The success of any child participating in sport, be it athletics, netball, soccer, rugby or hockey, depends on how much their parents are involved in the moulding and nurturing their development.
Athletes excel if they have a firm support base from parents, siblings and possibly members of the extended family.
They need to know that they are appreciated, not just by their immediate families, but to a large extent, by the residents of a town or the citizens of their country.
Such appreciation and support, will spur them on to perform excellently, to the point that they are crowned world champions, in whatever discipline they partake in.
That said, it has been a sorry sight to witness at national and regional events, how very few parents show an interest in their children’s sporting activities. Mention any code, be it soccer, athletics, netball, rugby, cricket, and you notice the apathy.
Parents, who show an interest in their children’s sporting development, are few and far between. Those that make the time to be there for their children are a mere handful. They must be commended, and their commitment must be an example to those who still do not understand why it is important for a parent to be involved.
I was very pleased to have witnessed last weekend how many parents supported their children at the National Track and Field Championships at the Independence Stadium. In previous years, only athletes cheered each other on, but last weekend was vastly different. The excitement was visible and audible, from both parents and athletes.
This type of support and enthusiasm must become an everyday thing, across all sport codes.
Namibian athletes can only excel if stadiums are filled to the brim, and spectators are chanting for their favourites.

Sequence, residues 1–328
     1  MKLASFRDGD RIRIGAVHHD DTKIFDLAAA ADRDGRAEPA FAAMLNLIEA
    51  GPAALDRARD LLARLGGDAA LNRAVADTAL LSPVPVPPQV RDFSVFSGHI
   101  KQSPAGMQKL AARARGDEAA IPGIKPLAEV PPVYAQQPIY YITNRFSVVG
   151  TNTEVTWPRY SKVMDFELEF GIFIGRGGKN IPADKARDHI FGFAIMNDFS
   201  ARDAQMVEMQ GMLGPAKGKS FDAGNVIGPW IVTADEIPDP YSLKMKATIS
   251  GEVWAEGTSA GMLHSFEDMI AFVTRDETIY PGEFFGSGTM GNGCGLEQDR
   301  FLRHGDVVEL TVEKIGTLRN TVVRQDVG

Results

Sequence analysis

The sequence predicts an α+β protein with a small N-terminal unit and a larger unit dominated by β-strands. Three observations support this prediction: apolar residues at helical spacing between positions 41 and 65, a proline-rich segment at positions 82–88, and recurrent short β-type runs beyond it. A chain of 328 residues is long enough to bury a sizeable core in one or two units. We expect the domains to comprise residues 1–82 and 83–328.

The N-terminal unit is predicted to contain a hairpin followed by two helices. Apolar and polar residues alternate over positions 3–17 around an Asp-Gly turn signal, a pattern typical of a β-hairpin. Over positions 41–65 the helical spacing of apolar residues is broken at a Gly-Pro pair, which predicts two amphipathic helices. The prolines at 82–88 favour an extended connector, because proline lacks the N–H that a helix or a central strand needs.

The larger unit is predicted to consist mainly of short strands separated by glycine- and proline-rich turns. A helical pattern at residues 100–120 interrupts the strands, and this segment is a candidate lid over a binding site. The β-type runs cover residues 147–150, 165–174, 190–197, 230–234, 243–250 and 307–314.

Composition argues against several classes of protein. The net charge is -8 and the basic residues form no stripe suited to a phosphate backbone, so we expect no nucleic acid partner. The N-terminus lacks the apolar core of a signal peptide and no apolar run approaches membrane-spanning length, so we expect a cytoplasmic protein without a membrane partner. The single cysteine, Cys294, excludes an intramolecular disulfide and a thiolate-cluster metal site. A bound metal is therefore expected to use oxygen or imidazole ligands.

This weekend, the National Schools Championships will take place at the Independence stadium, and Athletics Namibia is looking forward to having more athletes qualify for the IAAF junior world championships.
Parents can, therefore, spur on their children, by coming out in their droves on Saturday.
Let’s hope that parents will rally behind their kids, and get the maximum out of them.
It will be good for the country, if more athletes qualify for the junior and senior world champs this year, and the 2018 Commonwealth Games, which are scheduled for Queensland, Australia.
Despite that positive note, I have also disappointingly observed that last Saturday’s Track and Field championships had only one corporate partner, Coca-Cola.
This is not pardonable. Until when will corporate Namibia take the country for a ride? Until when should corporates be begged to invest in the sporting future of young men and women?
Where is the pride of the Namibian corporate sector? Why are we seeing only one corporate supporting a national sporting event? It is a shame that some companies bluntly refuse to associate with national events, which in any case also benefits them directly and indirectly. I can’t comprehend the logic of some businesses, whose customers are the very parents of these 300-plus athletes, who competed at last week’s championships. How do we motivate our athletes to excel, if they are not sufficiently rewarded or recognised?
It has become fashionable for companies to wait until someone or a group of athletes have done well, before they join the bandwagon. We see companies placing full-page advertisements to congratulate our athletes, but those same companies refuse to help athletes with funding for preparation or to travel to international competitions. Such hypocrisy must stop forthwith.
Finally, let me congratulate Coca-Cola for their steadfast belief in Namibian sporting talent. I am of the conviction that Namibia has the potential to produce world champions in many codes, but that will only be possible if each stakeholder plays their role meaningfully, and not just for public relations purposes or window dressing.
Confidente. Lifting the Lid. Copyright © 2015